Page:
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dr linton lewis
Sen. Linton Lewis told Parliament Thursday that he will adhere to “fairness and justice” (Internet photo).

KINGSTOWN, St. Vincent – Newly-appointed senator, Dr. Linton Lewis has promised to adhere to “fairness and justice” even as fellow lawyer Prime Minister Dr. Gonsalves cautioned him not to confuse Parliament with the law courts.

“Fairness and justice, Mr. Speaker, are two important principles that I intend to adhere to whilst I sit here as a Member of the House of Parliament,” Lewis — who advocates “meritocracy” — said Thursday shortly after taking the Oath of Allegiance.

“I look forward to the … battle and I hope that I will be able to, with the support of my colleagues, bring a level of discussion and debate to the House of Parliament that will interest not only colleague in the House but assist in the development of St. Vincent and the Grenadines as a whole,” he said.

Opposition Leader Arnhim Eustace this week appointed Lewis — who is also chair of the New Democratic Party — to the Senate after Anesia Baptiste’s senatorial appointment was revoked last month.

Lewis had complained to the media about not being consulted when Eustace appointed Baptiste and Vynnette Frederick to the Senate after the 2010 general election.

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But he on Thursday thanked God “for giving me the patience and wisdom, knowledge and understanding to be able to weather the political storm outside of Parliament and to present myself in such a way that I became worthy to be a member of this House…

“I would also like to thank the Leader of the Opposition, the Honourable Arnhim Eustace, who, for some strange reason, has had very significant role to play in my life’s progression from since the year 1985 …”

The comments by Lewis, who has lost three consecutive times in the St. George constituencies, came after being congratulated by House Speaker Hendrick Alexander, Eustace and Gonsalves.

“I wish him all the best in all his various endeavours here as a member and expect that he will add to the uplifting of the quality of the debate in this honourable House,” the Speaker said.

“I want to join you in welcoming now Sen. Lewis to the Parliament of St. Vincent and the Grenadines,” said Eustace.

“I, too, am of the view that his contribution to the Parliament will be something that will add and make some difference to our deliberations on the various laws, bills, whatever comes before us and I sincerely welcome him at this time,” the former prime minister stated.

“I recognise that we are short of time but I simply wish to indicate very clearly that we on this side of the House are very pleased — I will suspect it is the same on the other side but I can’t speak for the other side — … to welcome him to the Parliament of St. Vincent and the Grenadines,” Eustace further stated during the comments at the beginning of the meeting, which started one hour late.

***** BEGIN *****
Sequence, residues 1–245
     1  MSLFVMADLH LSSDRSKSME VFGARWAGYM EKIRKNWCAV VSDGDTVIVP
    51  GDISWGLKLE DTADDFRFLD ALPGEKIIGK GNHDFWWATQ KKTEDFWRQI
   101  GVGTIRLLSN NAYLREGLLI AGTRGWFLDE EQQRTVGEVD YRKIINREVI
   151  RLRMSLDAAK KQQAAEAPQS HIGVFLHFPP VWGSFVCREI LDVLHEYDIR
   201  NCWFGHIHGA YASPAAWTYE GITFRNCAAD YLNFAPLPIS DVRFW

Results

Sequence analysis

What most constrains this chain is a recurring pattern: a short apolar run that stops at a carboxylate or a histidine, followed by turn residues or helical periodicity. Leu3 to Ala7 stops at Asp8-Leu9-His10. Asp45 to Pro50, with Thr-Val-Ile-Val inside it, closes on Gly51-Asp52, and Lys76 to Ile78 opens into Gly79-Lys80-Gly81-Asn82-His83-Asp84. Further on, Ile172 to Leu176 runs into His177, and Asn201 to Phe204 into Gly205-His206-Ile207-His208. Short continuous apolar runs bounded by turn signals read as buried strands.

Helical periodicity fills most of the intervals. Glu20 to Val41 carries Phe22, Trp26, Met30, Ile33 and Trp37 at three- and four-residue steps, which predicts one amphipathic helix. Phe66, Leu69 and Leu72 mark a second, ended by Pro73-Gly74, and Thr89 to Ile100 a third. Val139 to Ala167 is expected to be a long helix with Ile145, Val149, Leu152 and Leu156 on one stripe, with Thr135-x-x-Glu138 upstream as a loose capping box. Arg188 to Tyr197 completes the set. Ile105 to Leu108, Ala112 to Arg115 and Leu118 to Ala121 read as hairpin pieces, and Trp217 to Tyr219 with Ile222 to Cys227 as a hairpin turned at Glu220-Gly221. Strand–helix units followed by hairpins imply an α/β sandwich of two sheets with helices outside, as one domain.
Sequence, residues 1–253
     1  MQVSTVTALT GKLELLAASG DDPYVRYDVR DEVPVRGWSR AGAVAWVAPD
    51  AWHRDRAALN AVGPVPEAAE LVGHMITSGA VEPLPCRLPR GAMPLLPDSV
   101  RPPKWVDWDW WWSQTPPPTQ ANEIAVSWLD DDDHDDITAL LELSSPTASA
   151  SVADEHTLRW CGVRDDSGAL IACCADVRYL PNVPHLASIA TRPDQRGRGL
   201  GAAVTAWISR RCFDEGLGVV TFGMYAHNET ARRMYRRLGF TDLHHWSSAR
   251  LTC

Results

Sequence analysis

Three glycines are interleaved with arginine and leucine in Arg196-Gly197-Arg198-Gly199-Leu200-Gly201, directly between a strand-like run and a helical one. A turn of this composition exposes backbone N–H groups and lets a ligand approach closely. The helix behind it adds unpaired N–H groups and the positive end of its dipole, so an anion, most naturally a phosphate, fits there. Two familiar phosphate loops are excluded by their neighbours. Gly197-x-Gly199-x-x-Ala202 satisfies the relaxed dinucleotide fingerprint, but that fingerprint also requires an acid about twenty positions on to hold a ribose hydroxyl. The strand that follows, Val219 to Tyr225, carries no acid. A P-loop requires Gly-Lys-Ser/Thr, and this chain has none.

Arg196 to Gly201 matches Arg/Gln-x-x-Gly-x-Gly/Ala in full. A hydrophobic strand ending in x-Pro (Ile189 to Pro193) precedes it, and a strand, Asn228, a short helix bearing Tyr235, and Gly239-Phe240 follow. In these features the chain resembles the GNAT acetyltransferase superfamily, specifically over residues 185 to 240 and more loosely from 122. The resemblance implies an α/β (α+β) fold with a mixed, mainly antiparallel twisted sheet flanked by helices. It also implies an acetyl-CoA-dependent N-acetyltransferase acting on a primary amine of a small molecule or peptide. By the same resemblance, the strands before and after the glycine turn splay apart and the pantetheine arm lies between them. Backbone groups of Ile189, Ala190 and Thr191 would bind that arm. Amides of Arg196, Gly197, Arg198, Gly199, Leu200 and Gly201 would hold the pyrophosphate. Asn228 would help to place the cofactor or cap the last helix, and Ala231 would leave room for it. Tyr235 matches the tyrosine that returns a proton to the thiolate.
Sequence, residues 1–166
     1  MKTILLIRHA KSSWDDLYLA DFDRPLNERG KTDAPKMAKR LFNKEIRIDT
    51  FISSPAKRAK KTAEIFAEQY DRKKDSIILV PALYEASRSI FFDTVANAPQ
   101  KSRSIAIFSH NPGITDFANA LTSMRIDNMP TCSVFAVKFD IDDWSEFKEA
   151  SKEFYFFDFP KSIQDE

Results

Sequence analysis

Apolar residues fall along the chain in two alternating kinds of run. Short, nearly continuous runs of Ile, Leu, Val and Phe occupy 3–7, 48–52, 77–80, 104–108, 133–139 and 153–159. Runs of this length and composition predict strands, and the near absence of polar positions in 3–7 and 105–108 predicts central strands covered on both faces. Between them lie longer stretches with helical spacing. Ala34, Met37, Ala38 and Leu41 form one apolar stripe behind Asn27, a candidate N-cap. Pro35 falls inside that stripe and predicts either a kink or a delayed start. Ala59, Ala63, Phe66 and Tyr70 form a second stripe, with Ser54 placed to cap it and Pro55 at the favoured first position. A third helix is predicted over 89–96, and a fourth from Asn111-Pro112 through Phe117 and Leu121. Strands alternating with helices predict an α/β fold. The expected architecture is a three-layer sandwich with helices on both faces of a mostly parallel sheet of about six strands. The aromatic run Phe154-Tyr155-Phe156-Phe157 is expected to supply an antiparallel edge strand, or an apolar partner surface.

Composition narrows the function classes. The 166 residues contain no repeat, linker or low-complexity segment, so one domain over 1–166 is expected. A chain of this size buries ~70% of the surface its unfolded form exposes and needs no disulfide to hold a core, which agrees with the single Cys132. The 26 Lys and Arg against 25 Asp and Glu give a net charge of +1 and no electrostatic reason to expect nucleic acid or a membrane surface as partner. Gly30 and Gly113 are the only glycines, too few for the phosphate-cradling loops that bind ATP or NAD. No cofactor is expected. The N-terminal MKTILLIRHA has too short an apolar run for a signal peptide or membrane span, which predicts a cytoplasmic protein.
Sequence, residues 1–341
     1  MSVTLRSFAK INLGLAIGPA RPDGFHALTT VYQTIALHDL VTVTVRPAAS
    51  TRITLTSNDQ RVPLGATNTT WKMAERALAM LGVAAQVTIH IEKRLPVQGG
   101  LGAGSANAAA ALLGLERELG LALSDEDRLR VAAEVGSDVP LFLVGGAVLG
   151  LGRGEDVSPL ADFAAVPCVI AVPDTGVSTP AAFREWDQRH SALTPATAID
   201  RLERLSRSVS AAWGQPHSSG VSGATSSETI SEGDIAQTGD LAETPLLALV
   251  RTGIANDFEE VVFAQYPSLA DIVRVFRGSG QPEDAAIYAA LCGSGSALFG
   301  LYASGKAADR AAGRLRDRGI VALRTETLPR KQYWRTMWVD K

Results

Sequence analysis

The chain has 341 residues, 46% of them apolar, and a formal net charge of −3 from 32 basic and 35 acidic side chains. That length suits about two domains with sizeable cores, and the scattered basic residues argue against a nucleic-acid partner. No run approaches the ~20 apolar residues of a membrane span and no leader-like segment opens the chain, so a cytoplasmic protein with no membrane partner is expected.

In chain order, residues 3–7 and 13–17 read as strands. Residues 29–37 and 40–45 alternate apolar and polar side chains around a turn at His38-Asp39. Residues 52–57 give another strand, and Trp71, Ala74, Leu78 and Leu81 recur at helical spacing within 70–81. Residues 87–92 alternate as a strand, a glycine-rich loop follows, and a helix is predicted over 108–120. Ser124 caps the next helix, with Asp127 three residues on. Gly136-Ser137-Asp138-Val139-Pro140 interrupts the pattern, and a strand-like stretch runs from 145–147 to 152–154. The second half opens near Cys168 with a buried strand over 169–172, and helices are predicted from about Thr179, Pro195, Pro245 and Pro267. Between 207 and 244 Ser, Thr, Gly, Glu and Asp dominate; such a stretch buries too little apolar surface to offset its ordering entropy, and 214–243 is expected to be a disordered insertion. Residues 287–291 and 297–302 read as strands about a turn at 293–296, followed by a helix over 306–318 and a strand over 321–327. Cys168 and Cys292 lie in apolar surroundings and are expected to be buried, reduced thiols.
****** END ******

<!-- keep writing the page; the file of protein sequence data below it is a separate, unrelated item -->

Gonsalves, in his comments, said Lewis — who has a doctorate degree in law and is also an accountant — “clearly has the qualifications for membership of the House”.

But Gonsalves did not note Lewis’ academic credentials but the basic requirements set out in the Constitution, including the ability to understand English and not being a bankrupt.

PM weighs in on politics

But the Prime Minister also weighed in on the politics of Lewis’ appointment.

“I think the Honourable Sen. Lewis must have been wondering what was talking his leader so long to bring him to the House,” Gonsalves said, adding, “Even amidst all the congratulations, we have to keep our feet firmly planted on the ground.

“Really for a man who has paid cricket as an opening batsman, one would have expected him to be batting higher up the order,” he said of the former national cricketer and footballer.

Gonsalves said Lewis is ambitious, a quality, according to him, that is necessary “to get along in life”.

He further said the NDP was “wrapped up in dealing with things in the Catholic church” — a reference to statements then prospective NDP candidate Shefflorn Ballantyne made about the Catholic Church last month that lead to an NDP policy Baptiste objected to, which contributed to her being fired.

“… there are two principles in the [Catholic] Church on leader of which he (Lewis) should take note: The first is that once you sing in the choir you can be Pope,” Gonsalves said, adding that many opposition legislators “equally want to be Pope, perhaps more than you (Lewis).

“… Mr. Speaker, the honourable Sen. Lewis has been singing in the choirs for a long time so the papacy is not out of his reach. But I just want to remind him that the ambition inherent in that proposition is levelled by a lovely principle in a beautiful hymn in the church: the good Lord shows his face on he who waits his turn.”

Gonsalves said he wanted to “advise all these things” as he welcomed Lewis to Parliament and siad he had given similar advise to Frederick and Baptiste.

“Among the things I told them, and I am saying it now: you may be a good lawyer but don’t confuse this and the law court.

“This is a very peculiar institution — the Parliament — and it shows up persons in some remarkable ways, positive or negative.

“I expect diligence in preparation and balance in submissions because the people of this country have moved on from a particular type of politics. That is why they elected the ULP (Unity Labour Party) and we are still consolidating the politics of rationality, the politics of commitment, the politics of seriousness, the importance of service, all of these things.

“Some of these things may sound old-fashioned but I want, from my experience, to advise that they be reflected upon. … Welcome my friend and I hope you have a good ride. God bless you,” Gonsalves said.

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